As the film continued to obsessively try to piece together the life and secrets of a very private man, I found myself thinking, “This is EXACTLY why Salinger was hiding!”
Our Rating

Genre(s): Documentary

Director: Shane Salerno

Actors: J. D. Salinger

Year: 2013

MPAA Rating: NR

Country: USA

Salinger is a fascinating, frustrating, and more than a little creepy film that digs and digs and digs to find the dark secrets behind the persona of a famously reclusive modern writer who happened to write an iconic 20th century American novel.  For two hours, the film stalks its subject with obsession, piecing together a story that the man himself wouldn’t tell. Though it has the guise of a straight-on documentary, it comes across as sensational and stalker-ish… especially when I came to the realization, “Wait a minute, the whole time this film was being made, J.D. Salinger was still alive???”

The film boasts over 150 interviews with friends, wives, and lovers of Salinger, as well as peers like Tom Wolfe and Gore Vidal, plus scholars, biographers, and even actors like Philip Seymour Hoffman and Martin Sheen. What is it about J.D. Salinger’s The Catcher in the Rye, and the character of Holden Caulfield that has held such sway over American pop culture for over half a century? Alas, the film doesn’t go that much into the iconic book. The more attention-grabbing news bites, like the fact that three assassins or would-be assassins (most notably, Mark David Chapman, who killed John Lennon, and John Hinkley, who shot President Reagan) claimed that they were influenced by Catcher to kill, is also a bit rushed (especially considering these were emphasized in the trailer). No mention of the book being banned on and off over decades even comes up until the South Park clips in the closing credits.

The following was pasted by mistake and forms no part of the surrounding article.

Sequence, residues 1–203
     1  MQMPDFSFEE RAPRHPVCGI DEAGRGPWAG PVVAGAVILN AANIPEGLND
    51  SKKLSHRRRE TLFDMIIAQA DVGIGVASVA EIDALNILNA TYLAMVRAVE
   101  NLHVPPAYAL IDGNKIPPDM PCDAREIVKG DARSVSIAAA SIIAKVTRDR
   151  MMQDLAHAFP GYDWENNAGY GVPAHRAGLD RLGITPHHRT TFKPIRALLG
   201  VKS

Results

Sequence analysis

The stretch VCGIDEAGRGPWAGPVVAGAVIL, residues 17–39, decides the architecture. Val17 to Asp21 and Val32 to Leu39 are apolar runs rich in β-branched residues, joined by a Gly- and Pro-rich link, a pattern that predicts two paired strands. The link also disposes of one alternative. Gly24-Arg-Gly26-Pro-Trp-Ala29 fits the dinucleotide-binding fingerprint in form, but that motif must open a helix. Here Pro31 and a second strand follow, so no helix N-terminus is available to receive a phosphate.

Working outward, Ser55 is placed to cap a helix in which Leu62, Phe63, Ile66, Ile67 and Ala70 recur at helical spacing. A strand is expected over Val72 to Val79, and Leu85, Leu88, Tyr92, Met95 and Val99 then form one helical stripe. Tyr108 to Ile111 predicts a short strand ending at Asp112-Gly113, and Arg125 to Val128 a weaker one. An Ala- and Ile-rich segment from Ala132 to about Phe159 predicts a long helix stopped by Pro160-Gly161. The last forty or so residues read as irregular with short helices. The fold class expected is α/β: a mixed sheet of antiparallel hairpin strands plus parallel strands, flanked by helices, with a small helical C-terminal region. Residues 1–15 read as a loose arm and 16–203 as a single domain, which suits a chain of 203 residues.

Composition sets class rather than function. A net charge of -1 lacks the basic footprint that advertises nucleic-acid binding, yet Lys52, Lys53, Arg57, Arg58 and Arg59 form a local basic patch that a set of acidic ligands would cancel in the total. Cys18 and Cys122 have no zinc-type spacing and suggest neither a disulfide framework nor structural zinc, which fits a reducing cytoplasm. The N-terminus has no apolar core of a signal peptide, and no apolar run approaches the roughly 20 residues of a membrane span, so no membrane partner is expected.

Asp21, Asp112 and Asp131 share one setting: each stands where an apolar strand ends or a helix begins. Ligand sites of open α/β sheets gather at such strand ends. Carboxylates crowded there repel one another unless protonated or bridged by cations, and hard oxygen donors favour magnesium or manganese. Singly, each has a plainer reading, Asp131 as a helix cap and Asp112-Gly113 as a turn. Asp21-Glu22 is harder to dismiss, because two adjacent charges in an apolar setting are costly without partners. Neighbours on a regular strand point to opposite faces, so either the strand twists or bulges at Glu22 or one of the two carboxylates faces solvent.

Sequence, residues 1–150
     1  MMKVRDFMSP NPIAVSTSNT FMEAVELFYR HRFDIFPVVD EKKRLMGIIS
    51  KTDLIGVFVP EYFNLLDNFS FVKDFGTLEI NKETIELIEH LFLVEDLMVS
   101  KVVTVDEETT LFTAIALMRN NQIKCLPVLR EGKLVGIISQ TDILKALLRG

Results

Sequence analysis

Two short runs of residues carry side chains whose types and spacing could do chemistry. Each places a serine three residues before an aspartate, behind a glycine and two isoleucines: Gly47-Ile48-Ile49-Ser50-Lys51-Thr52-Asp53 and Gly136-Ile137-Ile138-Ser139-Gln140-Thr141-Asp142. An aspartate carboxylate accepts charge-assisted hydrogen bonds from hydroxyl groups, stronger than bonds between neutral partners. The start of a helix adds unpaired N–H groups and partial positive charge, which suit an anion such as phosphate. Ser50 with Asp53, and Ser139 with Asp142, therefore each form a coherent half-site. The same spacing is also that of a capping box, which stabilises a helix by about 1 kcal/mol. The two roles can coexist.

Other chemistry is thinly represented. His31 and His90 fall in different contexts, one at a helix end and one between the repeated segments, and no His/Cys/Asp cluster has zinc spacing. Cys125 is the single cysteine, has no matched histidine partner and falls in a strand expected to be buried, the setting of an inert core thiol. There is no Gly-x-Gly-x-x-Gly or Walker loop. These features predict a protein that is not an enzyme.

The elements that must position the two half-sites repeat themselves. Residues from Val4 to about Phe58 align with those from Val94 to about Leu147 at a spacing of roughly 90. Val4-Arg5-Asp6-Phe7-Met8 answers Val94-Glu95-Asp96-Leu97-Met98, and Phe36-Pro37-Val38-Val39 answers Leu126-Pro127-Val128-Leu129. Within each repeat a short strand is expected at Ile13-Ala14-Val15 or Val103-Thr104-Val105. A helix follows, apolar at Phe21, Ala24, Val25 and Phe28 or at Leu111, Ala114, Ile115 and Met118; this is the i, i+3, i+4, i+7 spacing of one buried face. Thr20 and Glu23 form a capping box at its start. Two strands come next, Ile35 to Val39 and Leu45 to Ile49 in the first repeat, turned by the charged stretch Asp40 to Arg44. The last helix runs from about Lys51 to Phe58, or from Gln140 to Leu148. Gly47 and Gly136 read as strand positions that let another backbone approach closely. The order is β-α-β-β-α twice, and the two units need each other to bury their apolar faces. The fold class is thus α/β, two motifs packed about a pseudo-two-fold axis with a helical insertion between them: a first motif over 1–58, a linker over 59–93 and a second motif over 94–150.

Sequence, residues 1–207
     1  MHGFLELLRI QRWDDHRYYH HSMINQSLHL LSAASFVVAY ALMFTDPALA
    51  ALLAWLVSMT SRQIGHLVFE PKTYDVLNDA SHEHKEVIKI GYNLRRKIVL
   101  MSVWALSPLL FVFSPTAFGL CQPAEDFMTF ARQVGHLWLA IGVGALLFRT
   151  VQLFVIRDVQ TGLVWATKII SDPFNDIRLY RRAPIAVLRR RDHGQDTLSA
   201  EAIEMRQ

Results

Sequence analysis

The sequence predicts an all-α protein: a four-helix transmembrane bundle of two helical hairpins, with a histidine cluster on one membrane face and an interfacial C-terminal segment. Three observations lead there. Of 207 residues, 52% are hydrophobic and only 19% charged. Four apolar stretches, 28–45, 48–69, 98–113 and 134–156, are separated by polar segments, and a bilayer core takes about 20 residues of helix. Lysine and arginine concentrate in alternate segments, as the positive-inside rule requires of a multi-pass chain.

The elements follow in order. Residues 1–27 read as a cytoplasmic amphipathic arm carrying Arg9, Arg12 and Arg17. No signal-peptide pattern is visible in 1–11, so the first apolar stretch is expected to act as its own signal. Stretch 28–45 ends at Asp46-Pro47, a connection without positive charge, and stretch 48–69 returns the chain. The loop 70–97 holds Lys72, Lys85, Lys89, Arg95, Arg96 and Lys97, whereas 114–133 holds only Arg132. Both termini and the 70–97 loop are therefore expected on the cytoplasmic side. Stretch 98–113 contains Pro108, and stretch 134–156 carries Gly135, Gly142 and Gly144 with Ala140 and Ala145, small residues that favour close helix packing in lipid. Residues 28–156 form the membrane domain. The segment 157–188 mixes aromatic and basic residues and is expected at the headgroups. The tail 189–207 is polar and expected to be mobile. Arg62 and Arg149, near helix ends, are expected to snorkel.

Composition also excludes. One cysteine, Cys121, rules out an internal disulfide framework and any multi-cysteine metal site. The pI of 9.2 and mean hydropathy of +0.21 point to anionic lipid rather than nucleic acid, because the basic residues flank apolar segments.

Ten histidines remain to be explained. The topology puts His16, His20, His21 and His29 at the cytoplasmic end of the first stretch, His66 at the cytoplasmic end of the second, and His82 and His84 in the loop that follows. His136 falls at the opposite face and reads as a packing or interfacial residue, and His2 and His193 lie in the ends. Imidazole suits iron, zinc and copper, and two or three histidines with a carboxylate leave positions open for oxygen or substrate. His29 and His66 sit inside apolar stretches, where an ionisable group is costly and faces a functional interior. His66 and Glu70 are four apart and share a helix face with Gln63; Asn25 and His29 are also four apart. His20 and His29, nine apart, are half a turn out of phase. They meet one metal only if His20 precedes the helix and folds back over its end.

Instead, the film doggedly sets out to create a portrayal of a man that famously dropped off the media grid in the 1960’s (though he could still be found living his life in small-town New Hampshire). The film, made over 9 years, has the disturbing quality of being in the present tense until the closing credits (Salinger died in 2010). Every corner is mined, with some of the more interesting interviews from dogged fans who drove across the country to stand at Salinger’s driveway, and ex-love interests Joyce Maynard and Jean Miller, who were teenagers when they sparked the interest of the much older Salinger.

But there comes the point where you realize that most of the people interviewed got dumped, either as friends or lovers, decades ago. Imagine someone making a documentary about YOU, where everyone featured, knew you from years and years in your past. That is the vibe I got from this film. If I had fans like this filmmaker, heck, I’d go live in the woods of New Hampshire as well.


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